My biggest disappointment with the story was that the author gave away too much too early for my liking. I have said it before, and I will say it again, I am fussy with what I call a “psychological thriller”.  For me, to qualify for the term, a story must mess with my mind, play me like a yo-yo. I want shades of grey, not obvious black-and-white. I love an unreliable narrator, or one whose motives are so well disguised that I am in a constant dilemma as to whether I can trust them or not. I want the author to manipulate me, make me question all my preconceived ideas, vacillate between doubt and belief and generally addle my brain to an extent where the book stays in my thoughts even when I am not reading it. Unfortunately in this case – and this is not a spoiler, as it is revealed very early on – we know pretty much from the start that Amber has an ulterior motive when she engineers her meeting with Ben, to make him fall in love with her. There is never any doubt that she is a scheming little minx with her very own agenda. The only mystery here is her reasons for this, which, to be honest, was not quite enough for me.

How much better this would have worked had I (as the reader) been able to give her the benefit of doubt, to constantly question myself whether she was innocent or guilty of deceit and whether Judi’s hate and suspicions were justified or not. As it was, I felt forced to root for Judi, who I equally disliked, but with Amber cast as the villain I couldn’t very well stand and cheer in her corner, could I? So, whilst the family dynamics kept me turning the pages, there was no mystery and no suspense, except for a few surprises along the way, which did not make up for the mental manipulation I had hoped for. Looking back, I realise that this was my main gripe with Slater’s previous book, Blink.  Seeing that it worked well for other readers, I am conceding that perhaps her writing style just isn’t for me. 

Summary:

In summary, Liar was a fast and somewhat predictable read with moderately interesting family dynamics that kept me turning the pages but didn’t quite capture my imagination enough to make it memorable.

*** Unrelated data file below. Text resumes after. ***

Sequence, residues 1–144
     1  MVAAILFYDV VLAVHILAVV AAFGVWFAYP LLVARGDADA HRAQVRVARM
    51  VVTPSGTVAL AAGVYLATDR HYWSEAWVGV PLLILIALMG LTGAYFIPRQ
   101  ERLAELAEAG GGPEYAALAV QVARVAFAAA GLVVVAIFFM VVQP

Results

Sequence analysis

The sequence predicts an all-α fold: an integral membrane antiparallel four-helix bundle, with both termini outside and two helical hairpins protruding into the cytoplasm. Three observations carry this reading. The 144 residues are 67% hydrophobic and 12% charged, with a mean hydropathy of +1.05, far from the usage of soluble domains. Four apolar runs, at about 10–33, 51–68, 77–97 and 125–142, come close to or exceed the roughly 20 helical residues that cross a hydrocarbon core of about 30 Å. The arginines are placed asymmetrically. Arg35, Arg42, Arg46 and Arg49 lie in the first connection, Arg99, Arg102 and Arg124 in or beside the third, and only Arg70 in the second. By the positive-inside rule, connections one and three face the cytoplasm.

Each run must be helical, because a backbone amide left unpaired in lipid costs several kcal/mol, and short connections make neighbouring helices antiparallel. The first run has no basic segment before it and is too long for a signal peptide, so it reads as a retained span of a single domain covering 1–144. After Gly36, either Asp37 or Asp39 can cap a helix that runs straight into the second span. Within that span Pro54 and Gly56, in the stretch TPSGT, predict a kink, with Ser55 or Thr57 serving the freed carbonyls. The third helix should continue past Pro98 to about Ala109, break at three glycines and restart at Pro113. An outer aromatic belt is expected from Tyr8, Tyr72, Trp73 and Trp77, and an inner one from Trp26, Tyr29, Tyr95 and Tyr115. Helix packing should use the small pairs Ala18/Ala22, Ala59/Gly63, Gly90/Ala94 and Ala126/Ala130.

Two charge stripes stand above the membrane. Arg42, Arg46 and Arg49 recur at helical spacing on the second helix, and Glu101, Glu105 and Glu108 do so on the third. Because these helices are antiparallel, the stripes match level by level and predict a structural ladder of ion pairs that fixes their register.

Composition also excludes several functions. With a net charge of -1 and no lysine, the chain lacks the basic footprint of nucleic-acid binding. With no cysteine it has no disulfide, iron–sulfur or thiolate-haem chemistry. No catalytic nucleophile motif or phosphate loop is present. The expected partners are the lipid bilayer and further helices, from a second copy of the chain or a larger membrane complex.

Thank you to Netgalley and Bookouture for the free electronic copy of this novel and for giving me the opportunity to provide an honest review.




Book Review: ELEANOR OLIPHANT IS COMPLETELY FINE by Gail Honeyman


Title: Eleanor Oliphant is Completely Fine
Author: Gail Honeyman
Publisher:
Harper Collins Publishers Australia
Read:
May 2017
My Rating: 🌟🌟🌟🌟🌟


Book Description:

“I am a self-contained entity.”

Thirty-year old (Miss) Eleanor Oliphant lives her life by a strict routine. Monday to Friday, her 8.30 to 5.30 job as an accounts clerk in a graphic design firm fills in her waking hours. On Wednesday night, a 15-minute phone call from “Mummy” will leave her exhausted and seeking the oblivion of sleep. And on Friday evening, there is a pizza from Tesco to look forward to, and vodka. Lots of vodka. Often she doesn’t see another human being from Friday night until going back to work on Monday, but Eleanor is fine with that, absolutely fine. She doesn’t really need anyone else in her life. After all, she has a house to clean, Polly the houseplant to water, and vodka to keep those dark doors in her mind firmly closed.

But Eleanor’s life is about to change when her computer at work breaks down and the IT guy drops into her office to fix it. Meet Raymond, a thirty-something scruffy man who just doesn’t get Eleanor’s hints that she really is not in the mood for chit-chat. Instead, annoyingly, he insists on walking to the bus stop with her, as if she was an ordinary person, not the office oddball people whisper about. When an elderly stranger collapses in front of them, Eleanor reluctantly helps Raymond take care of him. Against her better judgment, mind you. Little does she know that this one incident will change Eleanor’s life – and routine – forever.

My musings: